Rare visitor to the feeders

White-winged Crossbills

White-winged Crossbills visit the feeder.

I couldn’t believe it when I saw 3 unfamiliar birds mixed in with the usual feeder birds.

There were 3 White-winged Crossbills visiting the platform feeder along with the Redpolls and Pine Grosbeak.

White-winged Crossbill

White-winged Crossbill

They look very similar to a Pine Grosbeak, but they’re about 2/3 the size.

White-winged Crossbill

White-winged Crossbill

The White-winged Crossbill is much more colorful than their cousin, the Red Crossbill.

Red Crossbills are more of a brick red color – the White-winged is the same red color as a Pine Grosbeak. All these birds are of the Finch family and they mostly eat seeds year round.

White-winged Crossbill, male

White-winged Crossbill, male

Both species of Crossbill are unique in that the upper and lower mandibles of their beak actually cross, as you can see in this photo. This adaptation makes extracting seeds out of cones easier.

Crossbill, white-winged

Crossbill, white-winged

In fact, I’ve read, that some Crossbills’ beaks cross from right to left, while others’ cross left to right. Some are left-handed and use their left foot to hold the cone and aid them in their extraction, whereas some would be deemed right-handed as their bill crosses the opposite way and they use their right foot to hold the cone.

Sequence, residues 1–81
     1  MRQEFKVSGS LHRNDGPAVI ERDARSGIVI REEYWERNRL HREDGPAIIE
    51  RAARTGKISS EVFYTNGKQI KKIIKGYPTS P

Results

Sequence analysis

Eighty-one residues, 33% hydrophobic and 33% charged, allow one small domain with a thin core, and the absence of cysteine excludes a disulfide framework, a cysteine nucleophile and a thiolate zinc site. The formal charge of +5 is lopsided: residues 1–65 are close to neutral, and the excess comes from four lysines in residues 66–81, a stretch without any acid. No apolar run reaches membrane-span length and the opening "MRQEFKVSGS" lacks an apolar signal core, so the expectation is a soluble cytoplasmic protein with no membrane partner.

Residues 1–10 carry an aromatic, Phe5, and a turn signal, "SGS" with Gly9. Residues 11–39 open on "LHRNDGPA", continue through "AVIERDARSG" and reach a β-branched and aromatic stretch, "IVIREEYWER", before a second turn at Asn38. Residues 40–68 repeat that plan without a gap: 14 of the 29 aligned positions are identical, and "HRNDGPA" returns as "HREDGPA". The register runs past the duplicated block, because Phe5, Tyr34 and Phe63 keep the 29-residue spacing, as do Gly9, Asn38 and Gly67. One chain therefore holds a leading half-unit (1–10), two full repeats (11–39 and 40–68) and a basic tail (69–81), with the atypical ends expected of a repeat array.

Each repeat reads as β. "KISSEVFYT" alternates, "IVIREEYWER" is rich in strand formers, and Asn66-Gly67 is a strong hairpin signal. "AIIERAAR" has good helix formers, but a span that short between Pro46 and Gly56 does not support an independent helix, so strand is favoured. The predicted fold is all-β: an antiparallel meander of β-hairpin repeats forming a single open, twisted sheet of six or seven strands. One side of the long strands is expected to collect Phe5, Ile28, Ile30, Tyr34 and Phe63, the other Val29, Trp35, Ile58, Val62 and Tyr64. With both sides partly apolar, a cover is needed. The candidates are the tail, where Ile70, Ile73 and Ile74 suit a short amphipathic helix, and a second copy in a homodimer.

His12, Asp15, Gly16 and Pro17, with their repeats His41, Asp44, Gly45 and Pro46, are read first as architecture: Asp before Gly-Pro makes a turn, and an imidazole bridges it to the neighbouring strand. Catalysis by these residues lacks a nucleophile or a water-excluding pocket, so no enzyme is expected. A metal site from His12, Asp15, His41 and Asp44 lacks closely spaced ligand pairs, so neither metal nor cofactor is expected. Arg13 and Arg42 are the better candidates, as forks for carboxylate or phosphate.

White-winged Crossbill, female

White-winged Crossbill, female

The female is an interesting color, kind of a rusty red and very streaky.

White-wing Crossbill, female

White-wing Crossbill, female

 Both sexes have the broad white wing bars and white tips on the tertial feathers.

white tertial tips

white tertial tips

The White-winged Crossbill at the back of this photo who has his back to the camera shows the white tertial tips. They look, to me, like buttons on a vest.

 

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